Emily Says . . . . ‘Flat White’

Flat White

In her ninth feature under ‘Emily Says . . .’, the voice to the Manchester bar scene in Emily Puckering looks at ABC for breakfast;

I’m experiencing a small beer hype at the moment, and I simply can’t get enough of certain numbers that I have recently discovered. Therefore, I introduce my next feature which is about one of my newly discovered favourites. Alphabet Brewing Company have unveiled this quirky little number: Flat White Breakfast Stout. But firstly, what even is a stout? Never mind a breakfast one!

A stout is a dark beer that contains roasted malt or roasted barley, hops, water and yeast. Irish dry stout Guinness has become the face of stouts, and has generally become the go-to out of all stouts.

Manchester based Alphabet Brewing have pushed the boat out with its 7.4% Flat White as it doesn’t fit the criteria of your usual stout. Despite being described as a ‘white breakfast stout’, the colour is this beer is in fact a reddish brown. Paler than the standard stout, yes, but not white! It is the combination of oats, milk and coffee that have allowed Flat White to achieve this unique colour, and most importantly, it’s unique taste.

A dark and spicy tasting experience overall, Flat White delivers the perfect coffee kick to start off anyone’s day… or night! It has been slightly sweetened, which is the only issue to arise in the sense that not everyone has their coffee sweet. But it worked beautifully for myself, as it has seemed to do also with everyone else I know who have given it a try.
From my first sip of this stout, I was instantly reminded of the aromas that an Espresso Martini delivers. Of course, neither are the same at all, it doesn’t take an expert to know that; but the strong kick of coffee alongside the punchy flavour of the alcohol made me reminisce on my last Espresso Martini… which wasn’t that long ago!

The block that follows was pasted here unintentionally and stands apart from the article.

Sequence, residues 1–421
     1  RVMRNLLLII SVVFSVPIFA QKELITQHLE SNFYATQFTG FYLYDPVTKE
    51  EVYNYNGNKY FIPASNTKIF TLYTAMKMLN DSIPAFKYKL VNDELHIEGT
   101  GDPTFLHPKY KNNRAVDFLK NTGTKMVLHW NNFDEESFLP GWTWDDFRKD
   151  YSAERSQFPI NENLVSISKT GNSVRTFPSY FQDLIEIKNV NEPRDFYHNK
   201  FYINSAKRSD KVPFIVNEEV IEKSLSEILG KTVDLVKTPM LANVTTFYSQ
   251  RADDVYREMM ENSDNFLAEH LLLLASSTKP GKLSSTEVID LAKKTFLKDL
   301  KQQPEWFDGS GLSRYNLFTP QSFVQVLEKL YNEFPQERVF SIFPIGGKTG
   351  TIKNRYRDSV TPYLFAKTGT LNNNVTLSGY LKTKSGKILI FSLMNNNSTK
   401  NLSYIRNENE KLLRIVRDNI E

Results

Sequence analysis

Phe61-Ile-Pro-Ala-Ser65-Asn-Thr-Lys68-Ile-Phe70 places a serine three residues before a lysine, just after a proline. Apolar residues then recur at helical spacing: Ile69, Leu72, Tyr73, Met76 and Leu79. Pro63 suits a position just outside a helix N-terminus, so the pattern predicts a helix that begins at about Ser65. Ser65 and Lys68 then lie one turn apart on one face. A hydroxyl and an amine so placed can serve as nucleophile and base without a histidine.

The delicate roasting of this beer is made apparent in not only the main body, but the after taste also. The hops and oat aromas are left tantalising the taste buds, with that undeniable punchy taste of coffee lingering on the back of your tongue.

It is a hipster’s dream breakfast, as it is mine! Flat White is the perfect start to them few beers in the day, or a little ‘pick me up’ at the end of a long day in the office. Bravo, Alphabet Brewing Company!

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Rum-Bar

Rum Bar Gold

To most, Jamaica is seen as one of more recognisable islands of the Caribbean. Whether it’s through your own visits or becoming inspired by the images and videos on social media, the country is rich in culture with the expected tipple of choice being a driving force for many to enjoy when visiting.

A distillery tour is a must when visiting any Caribbean island, especially if originating from Europe or America. The styles of the equipment used to the liquid it produces, it’s a stark contrast of finished product to the selection of home, and it adds to intrigue and buzz when a tour operator has a distillery option to their many packages available.

Saying that, you do only get to enjoy a handful.

A handful in that not all distilleries are open to the public, or indeed able to function with a tour opportunity. You will see and experience perhaps some of the biggest names on the island, Jamaica included with Appleton Estate and Hampden Estate, but you do miss out on many expressions that the islands can offer. It’s understandable that if you visit a distillery and walk away with new-found knowledge and a love for a new bottle, you’ll seek it out in your hotel, the areas local bar or indeed your favourite rum bar once back home. But with the UK especially, there’s so much rum to experience these days that you can easily overlook those ‘other’ distilleries when visiting its home country.

It’s with this that my focus here is on a fellow Jamaican distillery that can be easily overlooked due to its lack of a tour opportunity. Lets take a look at Rum-Bar from Worthy Park Estate.

Worthy-park

Worthy Park Estate itself can be found within St. Catherine, itself a part of the Vale of Lluidas (or more commonly known as Lluidas Vale), 1,200 feet above sea level and with approximately 10,000 acres of vibrant foliage just 40 miles north-west of Kingston and 28 miles south from the tourist centre of Ocho Rios. The Estate has been a part of the landscape since 1670 when it was gifted to Lt. Francis Price for his services to Oliver Cromwell during the English capture of the island from the Spanish in 1655. Ever since it has slowly expanded to how you see it today.